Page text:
Which is ok, because, in fact, those are the most feared abuses of identity. It’s important to realize when we talk about identity that we are always talking about how we keep track of people.
There are also a number of wonderful uses of identity that are worth remembering. The joy of a child saying “Momma” or a lover calling out your name. The pride in your name on a diploma. The simple benefit of seeing another’s name tag at a workshop and better remembering that fascinating conversation. Identity enables so much good stuff *because* it helps us keep track of people and things.
Like white space in visual design or writing, identity systems are also defined by how they prevent or minimize tracking. While identity is useful, too much tracking is untenable. Every identity system makes choices about efficiency and privacy, enabling specific means of tracking while limiting others. Realizing that the good consequences of identity inevitably enable the bad is fundamental to understanding how to build systems that appropriately balance the two.
The functional approach reaches beyond digital systems to understand how identity works throughout society. By better understanding how identity functions, we will be able to build systems that enhance privacy and human dignity, while improving identity assurance and security.
Engineers, entrepreneurs, and financiers sometimes ask “Why?” Why are we spending so much time with navel-gazing conversations about identity? Why not just build something and fix it if it is broken? To be fair, I get why “Identity” with a capital “I” is banned in certain working groups. Those distracting conversations can derail productive efforts to build good systems and ship working code. And yet, there is a vitally important and simple reason to better understand identity: human dignity.
When we build identity systems without a core understanding of identity, we risk inadvertently compromising human dignity.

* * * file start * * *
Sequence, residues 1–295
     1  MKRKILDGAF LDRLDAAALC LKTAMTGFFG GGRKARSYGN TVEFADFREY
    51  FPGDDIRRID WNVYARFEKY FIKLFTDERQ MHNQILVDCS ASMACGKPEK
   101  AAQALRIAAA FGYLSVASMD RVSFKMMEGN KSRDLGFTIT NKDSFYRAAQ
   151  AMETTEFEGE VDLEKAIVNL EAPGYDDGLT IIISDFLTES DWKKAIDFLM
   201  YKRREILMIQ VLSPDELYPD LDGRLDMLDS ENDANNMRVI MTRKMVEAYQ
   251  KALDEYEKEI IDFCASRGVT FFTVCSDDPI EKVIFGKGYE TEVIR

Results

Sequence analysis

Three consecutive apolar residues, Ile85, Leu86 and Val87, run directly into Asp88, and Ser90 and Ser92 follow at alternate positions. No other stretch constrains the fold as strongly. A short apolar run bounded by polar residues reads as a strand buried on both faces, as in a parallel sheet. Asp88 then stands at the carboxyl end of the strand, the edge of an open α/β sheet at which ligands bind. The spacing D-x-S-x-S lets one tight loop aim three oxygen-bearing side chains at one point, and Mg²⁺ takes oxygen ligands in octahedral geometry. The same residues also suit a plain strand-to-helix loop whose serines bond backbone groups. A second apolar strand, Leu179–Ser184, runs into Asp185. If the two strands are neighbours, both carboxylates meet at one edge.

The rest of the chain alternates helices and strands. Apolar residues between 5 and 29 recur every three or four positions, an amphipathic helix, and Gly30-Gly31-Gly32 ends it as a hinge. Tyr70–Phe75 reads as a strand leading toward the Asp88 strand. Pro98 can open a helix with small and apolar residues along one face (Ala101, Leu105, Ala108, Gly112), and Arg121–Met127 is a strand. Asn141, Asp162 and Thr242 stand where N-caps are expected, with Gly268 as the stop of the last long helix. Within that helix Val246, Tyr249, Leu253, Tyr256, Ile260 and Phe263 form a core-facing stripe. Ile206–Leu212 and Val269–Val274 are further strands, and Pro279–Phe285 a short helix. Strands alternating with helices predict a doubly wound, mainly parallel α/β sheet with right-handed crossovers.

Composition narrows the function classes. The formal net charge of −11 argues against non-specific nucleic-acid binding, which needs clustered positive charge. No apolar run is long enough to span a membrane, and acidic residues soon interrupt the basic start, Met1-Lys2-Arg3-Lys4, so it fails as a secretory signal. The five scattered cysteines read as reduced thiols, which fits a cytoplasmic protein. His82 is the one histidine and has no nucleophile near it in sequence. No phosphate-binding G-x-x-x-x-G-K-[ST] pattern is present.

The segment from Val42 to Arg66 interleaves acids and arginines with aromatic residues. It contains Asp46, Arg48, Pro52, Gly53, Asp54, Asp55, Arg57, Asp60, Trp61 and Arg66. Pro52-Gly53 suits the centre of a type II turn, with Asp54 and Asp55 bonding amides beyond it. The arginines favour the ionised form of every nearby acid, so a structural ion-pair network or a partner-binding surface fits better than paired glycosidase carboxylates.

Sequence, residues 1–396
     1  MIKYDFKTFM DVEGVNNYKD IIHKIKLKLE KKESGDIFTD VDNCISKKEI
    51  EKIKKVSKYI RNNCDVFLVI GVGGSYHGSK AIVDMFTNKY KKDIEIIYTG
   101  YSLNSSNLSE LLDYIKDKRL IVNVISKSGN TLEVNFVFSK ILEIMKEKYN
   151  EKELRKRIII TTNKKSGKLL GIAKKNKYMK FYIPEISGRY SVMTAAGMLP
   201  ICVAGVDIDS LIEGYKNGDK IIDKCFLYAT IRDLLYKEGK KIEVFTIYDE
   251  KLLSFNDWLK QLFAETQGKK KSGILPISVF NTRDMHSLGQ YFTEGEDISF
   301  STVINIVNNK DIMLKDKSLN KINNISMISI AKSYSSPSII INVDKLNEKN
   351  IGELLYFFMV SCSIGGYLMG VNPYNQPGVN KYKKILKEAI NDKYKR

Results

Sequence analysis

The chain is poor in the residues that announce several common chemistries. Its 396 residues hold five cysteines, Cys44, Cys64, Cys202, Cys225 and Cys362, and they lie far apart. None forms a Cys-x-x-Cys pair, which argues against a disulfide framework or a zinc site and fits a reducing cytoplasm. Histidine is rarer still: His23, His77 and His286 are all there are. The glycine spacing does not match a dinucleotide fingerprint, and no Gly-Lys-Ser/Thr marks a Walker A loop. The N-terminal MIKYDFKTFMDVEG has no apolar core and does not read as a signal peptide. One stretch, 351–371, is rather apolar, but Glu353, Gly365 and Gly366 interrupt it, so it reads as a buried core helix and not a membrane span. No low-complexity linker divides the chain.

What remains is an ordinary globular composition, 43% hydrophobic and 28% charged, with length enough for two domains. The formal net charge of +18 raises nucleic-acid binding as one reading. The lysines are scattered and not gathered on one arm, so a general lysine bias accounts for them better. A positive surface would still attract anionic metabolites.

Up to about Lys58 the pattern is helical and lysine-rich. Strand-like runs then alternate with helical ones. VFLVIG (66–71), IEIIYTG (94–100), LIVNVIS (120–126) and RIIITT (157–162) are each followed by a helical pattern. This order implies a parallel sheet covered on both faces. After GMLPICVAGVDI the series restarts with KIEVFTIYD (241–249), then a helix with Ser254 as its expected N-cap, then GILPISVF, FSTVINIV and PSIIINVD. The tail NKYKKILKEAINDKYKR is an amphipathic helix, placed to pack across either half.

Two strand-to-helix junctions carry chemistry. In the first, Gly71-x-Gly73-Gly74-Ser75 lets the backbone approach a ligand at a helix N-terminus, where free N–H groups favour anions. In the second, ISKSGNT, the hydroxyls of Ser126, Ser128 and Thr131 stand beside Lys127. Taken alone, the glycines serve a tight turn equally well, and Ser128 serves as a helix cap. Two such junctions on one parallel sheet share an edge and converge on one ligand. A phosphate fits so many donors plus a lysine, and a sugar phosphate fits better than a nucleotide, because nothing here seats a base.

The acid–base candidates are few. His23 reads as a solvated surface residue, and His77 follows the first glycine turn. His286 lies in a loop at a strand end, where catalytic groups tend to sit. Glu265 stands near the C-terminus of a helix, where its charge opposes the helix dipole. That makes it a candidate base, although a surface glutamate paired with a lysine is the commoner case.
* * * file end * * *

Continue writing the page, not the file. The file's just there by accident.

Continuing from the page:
There are times when security concerns demand compromise. Fine. It’s the job of our political systems—local, national, and international—to moderate the worst abuses and to establish boundaries and practices that serve basic human rights.
But when engineers unwittingly compromise the ability of individuals to self-express their identity, when our systems subject individuals to unreasonable restrictions and deny basic services because of a flawed understanding of identity, that’s an avoidable tragedy. What might seem minor today could lead to the loss of privacy, liberty, or even life for an individual whose identity is unintentionally compromised. That’s why it pays to understand identity, so the systems we build intentionally enable human dignity instead of accidentally destroy it.
In a future column, we’ll discuss the elements of Functional Identity, with the eventual goal of defining the fundamental objects and methods that comprise any identity system, digital or otherwise. From there we can start to explore the impact on privacy and freedom and human dignity that different identity systems afford.
In the meantime, I’m off to ID2020, a UN Summit about the potential for blockchain technology to help with UN Sustainable Development Goal (SDG) 16.9. We’ll be exploring how self-sovereign identity might enable us to create a legal identity for everyone on the planet by 2030, including birth registration. Not a small task.
I hope you’ll join me as we continue the conversation.
This article also appears here.